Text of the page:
We find that a combustible substance cannot catch fire or burn as long as its temperature is lower than its ignition temperature. Have you ever seen cooking oil catching fire when a frying pan is kept for long on a burning stove? Kerosene oil and wood do not catch fire on their own at room temperature. But, if kerosene oil is heated a little, it will catches fire. But if wood is heated a little, it would still not catch fire. Ignition temperature of kerosene oil is lower than that of wood. We need to take special care in storing kerosene oil. The following activity shows that it is essential for a substance to reach ignition temperature to burn.
Make two paper cups by folding a sheet of paper. Pour about 50 mL of water in one of the cups. Heat both the cups separately with a candle. If we continue heating the cup, we can even boil water in the paper cup. The heat supplied to the paper cup is transferred to water by conduction. So, in the presence of water, the ignition temperature of paper is not reached. Hence, it does not burn.
The substances which have very low ignition temperature and can easily catch fire with a flame are called inflammable substances. Examples of inflammable substances are petrol, alcohol, Liquified Petroleum Gas (LPG), etc. Can you list some more inflammable substances?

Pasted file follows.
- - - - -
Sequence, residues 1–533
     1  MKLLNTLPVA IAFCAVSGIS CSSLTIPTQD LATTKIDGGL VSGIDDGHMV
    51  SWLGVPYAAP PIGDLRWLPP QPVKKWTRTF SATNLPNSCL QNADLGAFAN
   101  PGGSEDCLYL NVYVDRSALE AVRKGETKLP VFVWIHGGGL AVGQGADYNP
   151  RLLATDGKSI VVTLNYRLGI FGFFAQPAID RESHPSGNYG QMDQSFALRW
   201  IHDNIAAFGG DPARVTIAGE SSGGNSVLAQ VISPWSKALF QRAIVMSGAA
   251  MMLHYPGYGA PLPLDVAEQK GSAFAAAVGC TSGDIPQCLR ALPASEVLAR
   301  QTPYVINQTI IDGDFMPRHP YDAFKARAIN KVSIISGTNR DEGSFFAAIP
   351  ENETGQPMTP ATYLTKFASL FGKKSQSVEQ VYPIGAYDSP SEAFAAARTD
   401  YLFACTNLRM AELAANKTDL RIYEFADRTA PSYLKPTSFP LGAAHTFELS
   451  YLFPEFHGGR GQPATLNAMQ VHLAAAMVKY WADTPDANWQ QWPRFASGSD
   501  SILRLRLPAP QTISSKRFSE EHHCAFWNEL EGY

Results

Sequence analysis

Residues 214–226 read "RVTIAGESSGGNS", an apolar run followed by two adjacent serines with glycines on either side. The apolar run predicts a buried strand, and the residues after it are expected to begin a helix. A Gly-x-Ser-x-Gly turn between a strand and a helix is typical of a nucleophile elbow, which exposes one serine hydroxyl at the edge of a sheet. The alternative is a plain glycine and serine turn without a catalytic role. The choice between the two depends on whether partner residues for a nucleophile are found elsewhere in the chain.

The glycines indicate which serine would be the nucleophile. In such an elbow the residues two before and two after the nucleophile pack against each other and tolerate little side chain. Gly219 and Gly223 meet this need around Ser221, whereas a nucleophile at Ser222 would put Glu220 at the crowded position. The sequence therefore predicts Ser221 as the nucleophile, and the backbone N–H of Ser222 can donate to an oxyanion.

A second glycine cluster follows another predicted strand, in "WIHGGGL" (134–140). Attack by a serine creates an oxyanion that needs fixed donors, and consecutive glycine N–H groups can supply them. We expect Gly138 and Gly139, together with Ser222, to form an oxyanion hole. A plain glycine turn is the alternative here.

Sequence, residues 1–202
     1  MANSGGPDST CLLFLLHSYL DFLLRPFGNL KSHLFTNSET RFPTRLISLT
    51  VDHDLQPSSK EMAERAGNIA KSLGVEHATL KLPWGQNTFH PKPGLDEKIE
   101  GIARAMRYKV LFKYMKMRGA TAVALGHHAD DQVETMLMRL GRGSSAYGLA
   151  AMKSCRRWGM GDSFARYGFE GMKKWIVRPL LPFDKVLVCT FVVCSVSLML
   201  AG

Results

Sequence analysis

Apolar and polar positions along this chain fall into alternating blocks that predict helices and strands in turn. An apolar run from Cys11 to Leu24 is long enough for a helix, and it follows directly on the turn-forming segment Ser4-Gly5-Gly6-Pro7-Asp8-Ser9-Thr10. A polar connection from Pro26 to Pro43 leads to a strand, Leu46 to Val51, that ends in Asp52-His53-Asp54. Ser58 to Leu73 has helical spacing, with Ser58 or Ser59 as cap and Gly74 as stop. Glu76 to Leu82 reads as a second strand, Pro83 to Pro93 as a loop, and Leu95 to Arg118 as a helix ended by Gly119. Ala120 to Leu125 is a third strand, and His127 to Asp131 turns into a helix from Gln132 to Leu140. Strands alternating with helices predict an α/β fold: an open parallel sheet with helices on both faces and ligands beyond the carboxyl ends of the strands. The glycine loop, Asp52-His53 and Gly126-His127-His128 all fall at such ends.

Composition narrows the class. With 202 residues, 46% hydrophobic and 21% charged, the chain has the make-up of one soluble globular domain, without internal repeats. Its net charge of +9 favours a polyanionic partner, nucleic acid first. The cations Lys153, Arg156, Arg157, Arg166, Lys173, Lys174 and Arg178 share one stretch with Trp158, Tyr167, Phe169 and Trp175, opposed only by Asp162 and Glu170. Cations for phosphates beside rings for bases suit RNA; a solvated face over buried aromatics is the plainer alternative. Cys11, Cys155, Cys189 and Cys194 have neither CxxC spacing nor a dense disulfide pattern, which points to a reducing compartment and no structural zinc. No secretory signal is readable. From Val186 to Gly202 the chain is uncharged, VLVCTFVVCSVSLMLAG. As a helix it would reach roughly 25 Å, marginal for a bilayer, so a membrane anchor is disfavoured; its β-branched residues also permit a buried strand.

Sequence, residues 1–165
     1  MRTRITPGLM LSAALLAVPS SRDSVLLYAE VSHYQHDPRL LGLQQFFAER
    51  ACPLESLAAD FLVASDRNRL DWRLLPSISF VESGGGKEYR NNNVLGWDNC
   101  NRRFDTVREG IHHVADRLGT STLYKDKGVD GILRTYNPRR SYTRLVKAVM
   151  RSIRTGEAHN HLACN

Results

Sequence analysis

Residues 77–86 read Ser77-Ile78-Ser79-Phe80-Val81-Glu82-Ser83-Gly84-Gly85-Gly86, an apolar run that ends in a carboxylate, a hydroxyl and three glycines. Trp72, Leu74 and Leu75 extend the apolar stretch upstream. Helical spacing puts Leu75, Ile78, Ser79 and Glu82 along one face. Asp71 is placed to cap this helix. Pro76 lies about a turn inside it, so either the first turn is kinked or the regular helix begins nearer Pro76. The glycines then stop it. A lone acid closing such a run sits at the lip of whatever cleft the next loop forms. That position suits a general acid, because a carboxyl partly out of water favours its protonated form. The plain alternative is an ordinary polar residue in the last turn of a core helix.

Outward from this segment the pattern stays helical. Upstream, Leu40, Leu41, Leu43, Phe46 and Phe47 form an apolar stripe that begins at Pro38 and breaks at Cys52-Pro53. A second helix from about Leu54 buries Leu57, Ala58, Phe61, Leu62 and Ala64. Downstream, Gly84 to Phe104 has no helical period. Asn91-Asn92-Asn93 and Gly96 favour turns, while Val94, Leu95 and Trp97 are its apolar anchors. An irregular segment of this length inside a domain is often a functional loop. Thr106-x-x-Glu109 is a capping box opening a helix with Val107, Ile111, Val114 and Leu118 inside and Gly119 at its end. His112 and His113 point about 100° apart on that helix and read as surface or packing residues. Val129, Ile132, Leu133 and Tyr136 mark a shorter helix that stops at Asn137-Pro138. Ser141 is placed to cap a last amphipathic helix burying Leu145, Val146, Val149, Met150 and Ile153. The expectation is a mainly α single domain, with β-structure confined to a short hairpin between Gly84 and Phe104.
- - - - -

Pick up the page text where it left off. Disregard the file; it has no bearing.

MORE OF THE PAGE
You must have seen or heard of fire breaking out in homes, shops and factories. If you have seen such an accident, write a short description in your note book. Also, share the experience with your classmates.
When a fire brigade arrives, what does it do? It pours water on the fire. Water cools the combustible material so that its temperature is brought below its ignition temperature. This prevents the fire from spreading. Water vapours also surround the combustible material, helping in cutting off the supply of air. So, the fire is extinguished.
You have learnt that there are three essential requirements for producing fire. These are: fuel, air (to supply oxygen) and heat (to raise the temperature of the fuel beyond the ignition temperature). Fire can be controlled by removing one or more of these requirements. The job of a fire extinguisher is to cut off the supply of air, or to bring down the temperature of the fuel, or both. Notice that the fuel in most cases cannot be eliminated. If, for instance, a building catches fire, the whole building is the fuel.
Bring a burning matchstick or a gas lighter near a gas stove in the kitchen. Turn on the knob of the gas stove.
We find that the gas burns rapidly and produces heat and light. Such combustion is known as rapid combustion. There are substances like phosphorus which burn in air at room temperature.
The type of combustion in which a material suddenly bursts into flames, without the application of any apparent cause is called spontaneous combustion. Spontaneous combustion of coal dust has resulted in many disastrous fires in coal mines. Spontaneous forest fires are sometimes due to the heat of the sun or due to lightning strike. However, most forest fires are due to the carelessness of human beings. It is important to remember that the campfires must be completely extinguished before leaving a forest after a picnic, or a visit.
We generally have fireworks on festival days. When a cracker is ignited, a sudden reaction takes place with the evolution of heat, light and sound. A large amount of gas formed in the reaction is liberated. Such a reaction is called explosion. Explosion can also take place if pressure is applied on the cracker.
Cite this Simulator: